The character animation has a high variation. Different enemies move is ways that can either fool the player into attacking or they will feel out your attacks. While playing through, the best strategy I found was to approach an enemy and then move back as they attacked and see their pattern before moving in. Since blocking depletes health, it’s better to dodge rather than try to overpower any enemy.

Simply, some of them can kill you in one hit. Strike distance is paramount to surviving. Don’t try to attack a heavy armored knight with a lance when you have a simple broadsword. They will stab you before you can get close. And every motion other than walking costs stamina and when you run out of stamina, you can’t do anything. No attacks or blocks or running away. Essentially, you will die.

In the first level, which takes place in a castle, moving through the different rooms showed the variety that From Software put into what could have been boring, repetitive environments. Early in the castle, I was outside and moved into a room that was pitch black, only a light crystal showed a small area of visible area. And then I got attacked from the darkness. As I moved throughout the castle, it looked very much like many of the castles that have been portrayed in movies and games, but there was a specific “realness” to the environments. The geography of the castle didn’t make much sense until I opened many of the doors and found out where they lead and how the castle connected together.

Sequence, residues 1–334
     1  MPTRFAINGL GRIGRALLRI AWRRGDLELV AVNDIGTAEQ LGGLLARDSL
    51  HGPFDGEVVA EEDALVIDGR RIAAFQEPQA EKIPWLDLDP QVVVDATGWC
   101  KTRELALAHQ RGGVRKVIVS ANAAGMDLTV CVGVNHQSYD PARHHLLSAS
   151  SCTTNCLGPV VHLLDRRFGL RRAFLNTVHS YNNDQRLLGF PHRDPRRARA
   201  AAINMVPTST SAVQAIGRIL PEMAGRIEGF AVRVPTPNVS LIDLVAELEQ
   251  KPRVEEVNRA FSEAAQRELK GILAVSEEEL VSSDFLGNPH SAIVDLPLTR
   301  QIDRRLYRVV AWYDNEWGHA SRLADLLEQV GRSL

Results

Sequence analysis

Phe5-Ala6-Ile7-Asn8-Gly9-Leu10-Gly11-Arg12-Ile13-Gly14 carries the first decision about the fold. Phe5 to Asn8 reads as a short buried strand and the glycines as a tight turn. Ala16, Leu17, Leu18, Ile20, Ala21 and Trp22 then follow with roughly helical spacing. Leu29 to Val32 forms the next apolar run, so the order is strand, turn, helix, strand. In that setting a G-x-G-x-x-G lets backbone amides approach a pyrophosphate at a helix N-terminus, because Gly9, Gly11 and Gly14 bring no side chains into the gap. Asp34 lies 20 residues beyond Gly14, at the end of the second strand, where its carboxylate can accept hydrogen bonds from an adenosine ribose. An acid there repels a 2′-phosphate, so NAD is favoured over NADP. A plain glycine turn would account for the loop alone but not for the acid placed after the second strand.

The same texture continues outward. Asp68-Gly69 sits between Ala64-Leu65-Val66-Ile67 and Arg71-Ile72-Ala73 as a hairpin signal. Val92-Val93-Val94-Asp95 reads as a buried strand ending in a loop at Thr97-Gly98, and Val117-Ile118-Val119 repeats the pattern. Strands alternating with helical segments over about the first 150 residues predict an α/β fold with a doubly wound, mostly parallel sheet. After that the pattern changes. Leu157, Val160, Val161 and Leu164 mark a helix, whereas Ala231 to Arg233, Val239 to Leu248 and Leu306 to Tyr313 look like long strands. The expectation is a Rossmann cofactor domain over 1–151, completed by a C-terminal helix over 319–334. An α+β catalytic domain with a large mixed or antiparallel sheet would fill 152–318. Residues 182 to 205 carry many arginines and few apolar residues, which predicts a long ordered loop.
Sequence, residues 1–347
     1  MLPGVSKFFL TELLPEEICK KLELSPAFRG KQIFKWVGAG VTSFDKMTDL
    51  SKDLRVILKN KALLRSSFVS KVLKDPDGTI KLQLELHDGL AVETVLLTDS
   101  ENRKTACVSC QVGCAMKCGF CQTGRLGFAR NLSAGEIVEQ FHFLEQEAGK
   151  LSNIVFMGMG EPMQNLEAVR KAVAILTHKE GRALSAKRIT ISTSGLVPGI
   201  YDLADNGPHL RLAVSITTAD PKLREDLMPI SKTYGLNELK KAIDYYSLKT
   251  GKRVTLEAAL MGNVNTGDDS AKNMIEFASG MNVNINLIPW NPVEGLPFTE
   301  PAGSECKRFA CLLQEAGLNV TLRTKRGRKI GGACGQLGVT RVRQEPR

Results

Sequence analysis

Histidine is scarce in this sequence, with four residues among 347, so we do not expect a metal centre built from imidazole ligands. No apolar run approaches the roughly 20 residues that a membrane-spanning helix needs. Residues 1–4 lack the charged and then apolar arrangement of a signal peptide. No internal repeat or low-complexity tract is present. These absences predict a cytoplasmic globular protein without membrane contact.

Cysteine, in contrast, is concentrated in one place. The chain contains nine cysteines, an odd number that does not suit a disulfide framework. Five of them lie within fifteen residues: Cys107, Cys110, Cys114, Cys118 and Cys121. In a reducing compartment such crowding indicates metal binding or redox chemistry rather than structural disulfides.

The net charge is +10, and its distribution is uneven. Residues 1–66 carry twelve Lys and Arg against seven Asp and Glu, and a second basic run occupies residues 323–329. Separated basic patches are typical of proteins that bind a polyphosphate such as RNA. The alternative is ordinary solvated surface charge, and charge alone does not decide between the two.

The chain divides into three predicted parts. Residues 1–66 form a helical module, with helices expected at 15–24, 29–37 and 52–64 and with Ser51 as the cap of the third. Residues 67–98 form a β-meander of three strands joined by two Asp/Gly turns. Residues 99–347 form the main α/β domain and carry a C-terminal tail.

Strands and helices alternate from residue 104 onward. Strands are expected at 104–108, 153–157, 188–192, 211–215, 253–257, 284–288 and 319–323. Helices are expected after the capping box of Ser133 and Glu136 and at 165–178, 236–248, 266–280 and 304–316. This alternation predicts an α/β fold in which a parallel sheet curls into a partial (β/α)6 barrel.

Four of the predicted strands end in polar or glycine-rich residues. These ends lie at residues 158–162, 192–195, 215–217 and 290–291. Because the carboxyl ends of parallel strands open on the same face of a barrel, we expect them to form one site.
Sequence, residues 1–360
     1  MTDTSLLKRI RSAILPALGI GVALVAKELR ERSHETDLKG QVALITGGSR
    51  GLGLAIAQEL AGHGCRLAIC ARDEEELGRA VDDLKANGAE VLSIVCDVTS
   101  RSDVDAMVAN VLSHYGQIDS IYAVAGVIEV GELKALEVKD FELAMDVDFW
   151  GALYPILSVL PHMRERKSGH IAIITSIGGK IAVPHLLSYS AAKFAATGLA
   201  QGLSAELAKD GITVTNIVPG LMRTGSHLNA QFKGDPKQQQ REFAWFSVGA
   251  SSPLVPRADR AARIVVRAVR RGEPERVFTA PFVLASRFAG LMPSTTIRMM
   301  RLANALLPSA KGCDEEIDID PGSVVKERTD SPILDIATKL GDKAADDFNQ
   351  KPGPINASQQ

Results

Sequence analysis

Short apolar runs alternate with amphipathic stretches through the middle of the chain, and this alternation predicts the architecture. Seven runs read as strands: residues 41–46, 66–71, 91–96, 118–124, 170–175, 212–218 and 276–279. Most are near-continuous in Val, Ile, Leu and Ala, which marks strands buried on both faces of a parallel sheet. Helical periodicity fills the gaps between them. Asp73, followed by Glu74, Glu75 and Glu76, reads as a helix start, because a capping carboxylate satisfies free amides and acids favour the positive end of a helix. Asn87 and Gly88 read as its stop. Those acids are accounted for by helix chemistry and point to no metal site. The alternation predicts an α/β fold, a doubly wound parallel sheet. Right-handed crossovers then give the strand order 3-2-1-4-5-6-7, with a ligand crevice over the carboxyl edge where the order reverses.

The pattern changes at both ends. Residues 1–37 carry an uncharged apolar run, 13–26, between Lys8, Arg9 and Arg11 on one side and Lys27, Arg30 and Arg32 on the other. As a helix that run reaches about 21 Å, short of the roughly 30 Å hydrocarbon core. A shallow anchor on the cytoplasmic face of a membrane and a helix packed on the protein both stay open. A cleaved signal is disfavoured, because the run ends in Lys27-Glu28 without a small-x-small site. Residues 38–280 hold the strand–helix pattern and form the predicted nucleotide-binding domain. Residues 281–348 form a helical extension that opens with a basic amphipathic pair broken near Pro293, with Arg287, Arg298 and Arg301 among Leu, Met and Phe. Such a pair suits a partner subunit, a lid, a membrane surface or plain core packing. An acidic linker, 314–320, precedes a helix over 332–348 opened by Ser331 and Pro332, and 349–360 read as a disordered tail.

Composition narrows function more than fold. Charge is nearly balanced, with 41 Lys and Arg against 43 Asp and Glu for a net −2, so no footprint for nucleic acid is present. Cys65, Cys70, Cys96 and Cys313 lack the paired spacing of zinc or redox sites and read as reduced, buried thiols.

There was one moment when I sat in awe. In a later level, I found large skeleton enemies who rolled along the ground and moved faster than my Wanderer could. I defeated the enemies, but before they attack me, one of them had destroyed a wooden wall, and the planks had scattered over this small hill. Before I set out to go further, one plank started rolling down the hill. It wasn’t much to see, except it responded to the small variations in the terrain along with the plants. It didn’t roll straight, but in a strange zig-zag motion. This was the moment that really impressed me.

The audio is a strange thing in Demon’s Souls. Most of the time, there isn’t any music. Much of the game is just environment noise. But sound is important in knowing which type of enemies are nearby. With a surround sound system, I was able to hear the distinct clank of armor or the growling of wolves before I saw them. The sound saved me from dying more than a few times.